Retired flight surgeon in Lubbock pays tribute to his hero ahead of Veteran’s Day

Local News

LUBBOCK, Texas — Colonel Larry Warmoth, a retired F-16 flight surgeon, said Thursday that he will spend this Veteran’s Day reflecting on his time in the military and paying tribute to his late father.

Colonel Warmoth said he started out flying F-14’s in the Navy, but did not feel it was the right fit.


“I thought there was something else I was supposed to do than just fly. It just was a feeling I had,” he explained. “As I watched the flight surgeons, I thought, ‘how cool is that?’ Their job is to help people every day.”

Colonel Warmoth went to medical school at Texas Tech, and finished his residency in Arizona, where he noticed there was an F-16 Training Center with the National Guard.

“I wondered if they need any old fighter pilots,” he shared.

They did. He served as a flight surgeon in an F-16 squadron for 25 years in San Antonio.

“The F-16 is a multirole fighter, so they can do air-to-air combat, but it also is a superb air-to-ground platform,” the Colonel explained.

He talked about his tours in Afghanistan and Iraq, but Colonel Warmoth said out of all the ways he served, assisting with hurricane relief on American soil was one of the most rewarding.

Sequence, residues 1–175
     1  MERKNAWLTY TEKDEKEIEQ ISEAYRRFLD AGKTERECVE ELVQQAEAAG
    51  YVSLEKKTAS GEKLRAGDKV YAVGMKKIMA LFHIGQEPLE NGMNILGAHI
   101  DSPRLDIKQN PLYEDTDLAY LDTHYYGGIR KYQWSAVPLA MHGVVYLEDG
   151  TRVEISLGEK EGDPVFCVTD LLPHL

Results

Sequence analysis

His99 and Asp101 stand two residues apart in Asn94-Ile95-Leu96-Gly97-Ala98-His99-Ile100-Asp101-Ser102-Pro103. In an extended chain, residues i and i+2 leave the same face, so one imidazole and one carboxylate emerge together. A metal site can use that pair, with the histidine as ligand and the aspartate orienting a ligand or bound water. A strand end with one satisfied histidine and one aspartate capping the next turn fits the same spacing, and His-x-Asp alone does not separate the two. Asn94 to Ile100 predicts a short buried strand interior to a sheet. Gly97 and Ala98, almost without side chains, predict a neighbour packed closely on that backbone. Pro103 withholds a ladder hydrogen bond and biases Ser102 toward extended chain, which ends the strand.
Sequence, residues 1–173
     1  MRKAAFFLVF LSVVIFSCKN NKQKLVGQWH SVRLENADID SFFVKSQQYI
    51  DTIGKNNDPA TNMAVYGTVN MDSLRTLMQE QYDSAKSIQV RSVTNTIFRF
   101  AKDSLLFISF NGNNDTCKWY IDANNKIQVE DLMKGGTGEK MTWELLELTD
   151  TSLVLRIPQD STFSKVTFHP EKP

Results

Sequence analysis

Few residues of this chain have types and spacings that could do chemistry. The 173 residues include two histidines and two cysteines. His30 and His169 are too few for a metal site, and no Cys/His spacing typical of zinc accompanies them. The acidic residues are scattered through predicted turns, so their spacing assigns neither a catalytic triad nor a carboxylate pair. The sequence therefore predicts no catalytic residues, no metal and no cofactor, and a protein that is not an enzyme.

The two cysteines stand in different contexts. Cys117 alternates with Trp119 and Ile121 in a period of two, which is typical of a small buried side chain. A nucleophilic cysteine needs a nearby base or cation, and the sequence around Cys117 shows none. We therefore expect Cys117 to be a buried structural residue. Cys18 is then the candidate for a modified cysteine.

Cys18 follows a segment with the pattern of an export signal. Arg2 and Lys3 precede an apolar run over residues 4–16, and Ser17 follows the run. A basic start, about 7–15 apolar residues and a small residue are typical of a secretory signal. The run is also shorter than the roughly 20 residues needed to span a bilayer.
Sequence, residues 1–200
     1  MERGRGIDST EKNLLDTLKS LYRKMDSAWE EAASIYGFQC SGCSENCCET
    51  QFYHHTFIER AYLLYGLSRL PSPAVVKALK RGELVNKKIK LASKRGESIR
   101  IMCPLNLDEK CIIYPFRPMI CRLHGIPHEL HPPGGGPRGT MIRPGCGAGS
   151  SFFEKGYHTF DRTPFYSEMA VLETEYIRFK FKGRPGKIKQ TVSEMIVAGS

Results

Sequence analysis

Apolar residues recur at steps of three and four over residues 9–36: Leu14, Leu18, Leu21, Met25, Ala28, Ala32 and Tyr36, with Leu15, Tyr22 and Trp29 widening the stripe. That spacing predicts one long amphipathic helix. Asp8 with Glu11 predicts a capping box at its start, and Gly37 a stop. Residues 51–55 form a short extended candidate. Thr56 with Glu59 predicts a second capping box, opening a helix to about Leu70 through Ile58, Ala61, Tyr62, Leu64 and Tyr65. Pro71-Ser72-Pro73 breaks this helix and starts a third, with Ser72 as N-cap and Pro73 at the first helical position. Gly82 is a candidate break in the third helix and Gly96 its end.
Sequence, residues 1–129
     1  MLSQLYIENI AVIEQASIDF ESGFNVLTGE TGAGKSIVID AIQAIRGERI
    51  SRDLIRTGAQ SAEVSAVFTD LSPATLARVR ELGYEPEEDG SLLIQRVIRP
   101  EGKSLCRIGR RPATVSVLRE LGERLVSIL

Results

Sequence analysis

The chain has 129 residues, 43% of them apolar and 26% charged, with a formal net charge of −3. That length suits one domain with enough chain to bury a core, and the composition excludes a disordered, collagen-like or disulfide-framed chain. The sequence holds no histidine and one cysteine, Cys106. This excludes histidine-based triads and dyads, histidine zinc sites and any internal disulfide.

In one day, he and his unit “helicoptered out” 10,000 people from New Orleans during Hurricane Katrina.

“Seeing Americans that we we’re taking care of, that was pretty special,” he said.

Another fond memory he shared was about his time serving as a commander, when he oversaw young airmen and helped them to grow and develop as service members.

Colonel Warmoth said this Veteran’s Day, he honors his late father, Master Chief Gareld Warmoth, who also began his service in the Navy.

Master Chief Warmoth got out of the Navy, then was drafted and sent to Korea, where he fought in the Korean War.


“In fact, he died two months ago today, so I’m wearing his Combat Infantry Badge that he earned in Korea,” his son said while pointing to his jacket.

Before his father’s passing, Colonel Warmoth called his dad every Veteran’s Day to reflect on their experiences. He tearfully said, “This year will feel a little different.”

He told KLBK News that the greatest veteran he ever knew was his dad.

“I’m sure remember being a little boy and watching him run the rifle company. Seeing him in his uniform, that’ll be a special one for me,” Colonel Warmoth shared, adding, “I did a lot of things in the Air Force and the Navy, but never anything like being a foot soldier in Korea.”

Colonel Warmoth retired from the Air Force last December, after 29 years of serving in the U.S. Military.

“It’s the most wonderful thing I could ever have done in my life, as I get to wake up every morning and try my best to help somebody, and I would do it again in a heartbeat,” he said.

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